A team of experts released a highly anticipated, detailed handbook on how to boost quality of life and prevent the spread of infection in long-term care homes last month that could inform anticipated federal legislation.
But the government has yet to release any details about a promised new law.
The 137-page document released by CSA Group — formerly known as the Canadian Standards Association — outlines standards on how to best design and run homes, all the way down to their ventilation and plumbing systems.
They were developed over the course of the last year, after the Liberal government pledged to set new national standards in their 2020 throne speech as Canadians witnessed the swift and deadly spread of COVID-19 in long-term care homes across the country.
As of last July, the pandemic had claimed the lives of 39,725 seniors in long-term care settings in Canada, data gathered by the National Institute on Aging show.
The crisis in long-term care prompted a federal government promise to legislate safety in such settings, but Health Minister Jean-Yves Duclos has so far been silent on what a proposed law would look like and whether it would incorporate the new standards.
The NDP included a demand for such legislation in a supply-and-confidence agreement with the minority Liberals last year, but did not stipulate when a bill should be tabled or what it should include.
The minister’s office and Health Canada did not respond to questions about how the federal government plans to use the standards now that they’ve been released. Another set of long-term care standards authored by the non-profit Health Standards Organization is expected to be released later this month.
Residents in long-term care are more vulnerable to infections, the authors of the CSA Group standards wrote.
Shared living spaces, including bedrooms, visitation policies and the people travelling between different facilities can all contribute to higher risks of infection and death.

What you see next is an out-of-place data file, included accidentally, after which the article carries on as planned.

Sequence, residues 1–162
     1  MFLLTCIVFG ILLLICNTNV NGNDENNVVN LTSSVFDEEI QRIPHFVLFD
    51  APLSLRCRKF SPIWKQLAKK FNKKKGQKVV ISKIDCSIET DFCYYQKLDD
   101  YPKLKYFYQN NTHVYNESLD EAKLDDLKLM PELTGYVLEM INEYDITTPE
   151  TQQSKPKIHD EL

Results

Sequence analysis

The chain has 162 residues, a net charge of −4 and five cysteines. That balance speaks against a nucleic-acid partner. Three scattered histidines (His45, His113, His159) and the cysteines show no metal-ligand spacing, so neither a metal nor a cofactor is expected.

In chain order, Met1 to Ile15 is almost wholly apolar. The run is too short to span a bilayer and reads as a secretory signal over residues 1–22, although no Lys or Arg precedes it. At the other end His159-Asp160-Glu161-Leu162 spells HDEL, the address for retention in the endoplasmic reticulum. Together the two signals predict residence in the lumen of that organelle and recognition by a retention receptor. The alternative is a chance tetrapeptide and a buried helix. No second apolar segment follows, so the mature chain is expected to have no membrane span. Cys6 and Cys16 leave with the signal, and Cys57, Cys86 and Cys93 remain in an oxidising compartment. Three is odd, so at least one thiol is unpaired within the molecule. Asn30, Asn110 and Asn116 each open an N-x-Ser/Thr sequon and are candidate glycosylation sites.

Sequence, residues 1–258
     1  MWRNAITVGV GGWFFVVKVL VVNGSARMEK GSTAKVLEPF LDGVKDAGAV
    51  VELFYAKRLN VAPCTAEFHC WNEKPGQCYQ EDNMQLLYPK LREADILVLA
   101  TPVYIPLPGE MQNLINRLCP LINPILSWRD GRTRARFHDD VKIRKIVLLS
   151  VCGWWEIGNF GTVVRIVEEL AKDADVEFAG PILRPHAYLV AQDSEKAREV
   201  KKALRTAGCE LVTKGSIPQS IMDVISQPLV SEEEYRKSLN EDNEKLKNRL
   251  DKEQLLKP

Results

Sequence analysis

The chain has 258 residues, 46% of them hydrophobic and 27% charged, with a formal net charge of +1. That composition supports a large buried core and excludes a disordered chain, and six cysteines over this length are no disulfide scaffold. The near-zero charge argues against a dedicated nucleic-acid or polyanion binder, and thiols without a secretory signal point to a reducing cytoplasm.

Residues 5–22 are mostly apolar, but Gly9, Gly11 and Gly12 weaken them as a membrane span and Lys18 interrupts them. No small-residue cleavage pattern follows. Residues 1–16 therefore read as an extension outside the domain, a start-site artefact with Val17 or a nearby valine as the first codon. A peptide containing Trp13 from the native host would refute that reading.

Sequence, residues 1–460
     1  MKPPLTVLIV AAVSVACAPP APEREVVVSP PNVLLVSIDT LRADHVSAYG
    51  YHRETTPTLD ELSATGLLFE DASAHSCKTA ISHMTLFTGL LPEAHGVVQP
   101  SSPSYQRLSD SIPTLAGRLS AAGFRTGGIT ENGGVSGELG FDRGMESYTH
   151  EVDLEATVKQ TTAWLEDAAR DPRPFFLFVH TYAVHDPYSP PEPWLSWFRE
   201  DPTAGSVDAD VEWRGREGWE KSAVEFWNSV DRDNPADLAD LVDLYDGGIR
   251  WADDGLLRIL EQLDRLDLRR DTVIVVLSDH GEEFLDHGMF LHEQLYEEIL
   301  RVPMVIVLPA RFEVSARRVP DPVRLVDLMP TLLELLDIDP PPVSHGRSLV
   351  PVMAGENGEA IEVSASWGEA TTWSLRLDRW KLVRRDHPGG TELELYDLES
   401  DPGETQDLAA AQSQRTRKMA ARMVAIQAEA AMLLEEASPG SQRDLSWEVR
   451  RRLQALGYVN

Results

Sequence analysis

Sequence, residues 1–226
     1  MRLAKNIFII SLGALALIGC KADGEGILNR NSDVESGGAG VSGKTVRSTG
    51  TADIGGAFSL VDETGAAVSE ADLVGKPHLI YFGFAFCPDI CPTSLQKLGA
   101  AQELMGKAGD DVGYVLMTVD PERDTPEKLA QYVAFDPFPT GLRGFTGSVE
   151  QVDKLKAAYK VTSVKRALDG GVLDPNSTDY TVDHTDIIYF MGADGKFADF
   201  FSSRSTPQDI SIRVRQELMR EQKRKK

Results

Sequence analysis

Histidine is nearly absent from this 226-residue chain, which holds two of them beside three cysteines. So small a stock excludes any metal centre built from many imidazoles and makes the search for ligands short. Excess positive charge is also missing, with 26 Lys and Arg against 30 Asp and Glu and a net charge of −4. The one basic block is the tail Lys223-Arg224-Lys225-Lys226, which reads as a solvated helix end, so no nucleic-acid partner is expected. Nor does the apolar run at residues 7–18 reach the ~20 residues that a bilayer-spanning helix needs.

“The objective is to balance safety and the residents’ right to live with dignity and risk,” the authors wrote.
The standards were developed by a committee of experts on long-term care, representatives from provincial health authorities, researchers, engineers and seniors’ advocates. The standards also incorporate feedback from hundreds of residents and their families, as well as long-term care workers and managers.
Design guidelines cover everything from the colour of the floor tiles — simple, to avoid visual clutter for residents with cognitive impairments — to the acoustics of the rooms.
They include recommendations for visitors’ policies that grant residents safe access to guests without a risk of exposing other residents to potential infections, particularly during outbreaks.
They also set out that new or renovated homes should include private bedrooms, access to gardens and windows with views of the outdoors in bedrooms and gathering spaces.
Existing homes should have no more than two people to a room, the standards stipulate.
CSA Group says it hopes to raise awareness about the new standards with front-line workers and with residents and their families next month.
—Laura Osman, The Canadian Press